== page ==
While performing ongoing tasks pilots are often required to monitor the status of other tasks. Some tasks, such as the requirement to report passing through an altitude, previously discussed, involve monitoring for an event that is known will occur. In other situations, pilots must monitor for events that occur infrequently, if at all. For example, when flying in visual meteorological conditions, pilots must scan outside the cockpit windows for other airplanes that might be on a conflicting path. This may seem a topic of more interest to attention researchers than memory researchers, but in fact pilots report becoming preoccupied with ongoing tasks and forgetting to monitor the status of other tasks for dangerously long periods (Dismukes et al., 1998). The problem is probably greatest when high workload preempts limited resources: Bargh and Chartrand (1999) argued that conscious control of behavior (which monitoring presumably requires at least to some extent) is a very limited resource. However, lapses in monitoring also occur in low and moderate workload situations in which enough time exists to switch attention back and forth between the ongoing task and monitoring and to perform both tasks adequately.
In a flight simulation study, pilots' scanning outside the cockpit increased substantially when potentially conflicting airplanes started appearing, but returned to near baseline levels minutes after the last airplane appeared (Colvin, Dodhia, & Dismukes, 2005). We speculate that it is difficult to maintain the monitoring task goal in working memory when the result of each inspection of the monitored scene reveals that no event has occurred. In this sense the monitoring aspect of the pilots' dual tasks somewhat resembles vigilance tasks (Parasuraman, 1986). Apparently humans are wired to allocate attention heavily toward sources of high information content, and thus have difficulty maintaining monitoring for low-probability events, even when those events may have high consequences (see Wickens, Goh, Helleberg, Horrey, & Talleur, 2003, for a model of attention allocation among tasks). However, this sort of monitoring differs from traditionally studied vigilance tasks in that the pilot must interrupt an ongoing task and shift attention to the thing being monitored. When the pilot goes too long without shifting attention, the monitoring task may slip from working memory, and then must somehow be retrieved, just as in other types of prospective memory situations. This conclusion is supported by a study in which Einstein et al. (2005) found that the level of monitoring declined over the course of the experiment. (The level of monitoring was inferred from the cost to response time of an ongoing task.)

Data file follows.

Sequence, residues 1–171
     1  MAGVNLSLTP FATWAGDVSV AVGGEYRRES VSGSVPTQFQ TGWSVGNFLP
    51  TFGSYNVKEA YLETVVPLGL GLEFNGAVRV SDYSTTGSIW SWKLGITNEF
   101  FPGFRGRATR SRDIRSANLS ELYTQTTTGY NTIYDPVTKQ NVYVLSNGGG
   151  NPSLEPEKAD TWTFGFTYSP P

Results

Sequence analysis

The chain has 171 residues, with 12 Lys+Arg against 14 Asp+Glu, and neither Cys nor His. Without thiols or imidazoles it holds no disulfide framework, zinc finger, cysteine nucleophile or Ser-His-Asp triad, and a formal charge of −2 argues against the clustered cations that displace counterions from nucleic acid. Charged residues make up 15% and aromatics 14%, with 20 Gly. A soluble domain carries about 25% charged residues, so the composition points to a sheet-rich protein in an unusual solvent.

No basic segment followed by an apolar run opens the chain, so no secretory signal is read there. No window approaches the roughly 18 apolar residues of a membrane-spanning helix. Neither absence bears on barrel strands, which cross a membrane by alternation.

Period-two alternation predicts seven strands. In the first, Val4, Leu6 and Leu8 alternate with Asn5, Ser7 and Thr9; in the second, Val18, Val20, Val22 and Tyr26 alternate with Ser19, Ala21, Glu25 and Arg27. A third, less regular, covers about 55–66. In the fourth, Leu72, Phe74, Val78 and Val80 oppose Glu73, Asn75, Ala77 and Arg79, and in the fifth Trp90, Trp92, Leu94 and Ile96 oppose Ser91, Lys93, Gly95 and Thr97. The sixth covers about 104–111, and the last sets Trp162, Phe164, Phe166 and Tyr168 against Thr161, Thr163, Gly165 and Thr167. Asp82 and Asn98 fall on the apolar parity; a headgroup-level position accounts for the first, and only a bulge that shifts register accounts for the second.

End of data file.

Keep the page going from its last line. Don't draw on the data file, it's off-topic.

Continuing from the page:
Much of prospective memory laboratory research has focused on stimulus-driven responding, and only a few studies have addressed monitoring as a prospective memory task. Park, Hertzog, Kidder, Morrell, and Mayhorn (1997) required participants to remember to make a response at either 1-minute or 2-minute intervals while performing an ongoing working memory task. Participants were allowed to check elapsed time during the intervals. Monitoring performance was worse with 2-minute intervals, suggesting difficulty maintaining the monitoring task in working memory.
The six-element task developed by Shallice and Burgess (1991) and adapted for prospective memory studies by Kliegel and colleagues (Kliegel, McDaniel, & Einstein, 2000) shares some features with cockpit monitoring tasks. The six-element task requires participants to remember to switch tasks on their own as a function of how far they have progressed on the current task, rather than remembering to switch when a prearranged cue is perceived or at a predetermined interval. Similarly, many cockpit monitoring tasks also require pilots to remember to switch attention periodically from an ongoing task, without the benefit of any specific cue. In both the six-element task and cockpit tasks, the individual's perception of passage of time presumably plays a role, although the mechanisms of this are not understood (see Cicogna, Nigro, Occhionero, & Esposito, 2005, for theoretical speculation about mechanisms of time-based prospective memory).
Many interesting research questions about performance of monitoring tasks of this sort invite study. When the goal of monitoring slips from working memory it eventually reappears—its reappearance triggered by the passage of time, happenstance cues, the context of the cockpit environment, performance of steps of the ongoing task, or something else altogether. What is the relation of the goal and action structures of the ongoing task and the monitoring task? What role does task importance play when monitoring for low-probability, high-consequence events? Do individual differences and situational factors such as fatigue and stress affect monitoring performance? Could pilots and other individuals learn techniques to reduce vulnerability to lapses in monitoring?
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